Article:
Back in Norman Rockwell’s America, kids weren’t afraid to take a chance on going into business for themselves. Rockwell’s iconic “Lemonade Stand” image showed a whole generation of children that to succeed in business, all they had to do was hang out a sign, and a whole community of lemonade lovers (or sympathetic neighbors) would gather round, happily paying a nickel for a cold cup of lemonade on a hot summer day.

Unfortunately for kids in the lemonade business – or the gaming business, for that matter – things are a lot more complicated today. Mobile game developers may find themselves among the thousands whose apps barely get played, or are never even downloaded. Let’s face it; if you go according to the odds, the chances of success in the mobile game marketplace (which grows by hundreds of titles a day) are not good. Is there anything developers can do to improve their chances?

The good news is that there is. Actually, the solution is rather simple; to get a lot of people to play a game, all you have to do is develop a community around a title, brand, or series, to create a group that will grow organically (provided, of course, the game is appropriately challenging and exciting) Here are some ideas on how to get “there” from “here.”

Get to the core

You have to start somewhere, and that somewhere is a core community, a small group of insiders that can act as a base for further “expansion.” To entice that initial group, game marketers (or their community managers) can build up a following by nurturing followers on social media, offering them an insider link to a new game or other benefits. For example, many new users will be willing to try out a new game as part of an alpha or beta test, members of an exclusive club whose opinion matters.  And, of course, it’s important to reach out to everyone you have ever met online and in person and notify them that you have a new venture.

Chances are that most of those who respond will back out, but a small group – one that the game appeals to – will remain. That’s the core group that managers should get to know, communicating with them personally, taking their suggestions and integrating them in the game – in short, giving them a stake in the community, as founding members.

‘Tis better to give than …

This core group now becomes the front-line shock troop squadron with which managers can build a true following. Social media, blogs, special gaming events, press releases, etc. — a good PR firm or marketing person will get the word out that a) there’s a new, great, fun, and interesting game, and b) it’s already got a loyal group of followers who will welcome newcomers into the fold.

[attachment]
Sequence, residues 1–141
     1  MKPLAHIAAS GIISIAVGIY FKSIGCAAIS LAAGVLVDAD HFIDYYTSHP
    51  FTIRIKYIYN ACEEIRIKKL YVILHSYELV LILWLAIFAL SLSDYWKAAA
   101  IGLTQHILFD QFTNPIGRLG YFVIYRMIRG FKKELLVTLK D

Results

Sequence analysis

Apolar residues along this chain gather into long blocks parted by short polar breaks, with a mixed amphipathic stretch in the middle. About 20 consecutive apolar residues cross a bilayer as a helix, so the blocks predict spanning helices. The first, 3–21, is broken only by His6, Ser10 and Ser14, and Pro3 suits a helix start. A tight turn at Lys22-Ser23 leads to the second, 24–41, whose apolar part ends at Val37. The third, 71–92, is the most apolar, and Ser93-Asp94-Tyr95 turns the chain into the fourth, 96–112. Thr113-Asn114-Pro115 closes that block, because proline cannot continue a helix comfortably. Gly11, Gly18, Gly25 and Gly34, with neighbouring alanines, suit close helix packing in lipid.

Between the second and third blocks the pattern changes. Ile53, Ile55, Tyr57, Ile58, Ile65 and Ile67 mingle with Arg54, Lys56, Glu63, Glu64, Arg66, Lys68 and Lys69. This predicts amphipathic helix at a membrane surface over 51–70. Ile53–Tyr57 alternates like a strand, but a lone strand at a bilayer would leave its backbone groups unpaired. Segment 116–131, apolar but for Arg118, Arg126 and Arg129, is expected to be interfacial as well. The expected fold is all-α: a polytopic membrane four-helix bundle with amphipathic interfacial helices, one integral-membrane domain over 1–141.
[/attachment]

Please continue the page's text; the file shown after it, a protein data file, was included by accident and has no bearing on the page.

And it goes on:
As new members come in, it’s important to groom them as well, with “treats” and positive reinforcement – communications, notifications, personal contact, etc., to make them feel a part of something.

Growing strong and healthy

It’s here that the true mettle of the fledgling community is tested. As more players join the community – it grows from infancy to childhood through its “teen phase.“ No longer a child, a game in its teenage years is when a gaming community is solidified, and gets ready to move on to “adulthood,” with the establishment of the game as a true influence and a major brand in the gaming world.

To accomplish this, it’s important to keep growing the community – coming up with new methods to bring in even more users. The key is to keep things exciting and new; for example, developing related spin off games based on existing characters, sequel games that offer more challenge and status, and cross-promotions across the community of players of different games (whether under the same brand or otherwise) can expose many more people to the charms of your game. It’s just like in the supermarket; the more “shelf space” you have in the App Store, the more engagement you have with potential players, who have a greater range of experiences to choose from.

Most important, though, is keeping players in the loop – making them feel that they count. It’s especially critical as the site and community grows; the more personal contact at this stage the better, because it shows that you really care about the individual, not just the numbers. Soliciting suggestions from players on how to enhance the game is key; players who spend hours a day engaged with your product will have a great sense of where things should be going.

Not all the suggestions will be good ones, but some of them will be; but that is part of the growing process, too. Implementing good ideas suggested by the community will further solidify ties to the game – and help bring your game to full maturity, to the point where it can hopefully become the most popular in its category. With this approach, game developers and managers will be able to build a great, supportive – and large – community around their game, avoiding the fate of the barely played apps.

The lemonade kids? They’re on their own now. …

Yonatan Erez is CEO of Ilyon Dynamics, a mobile gaming company.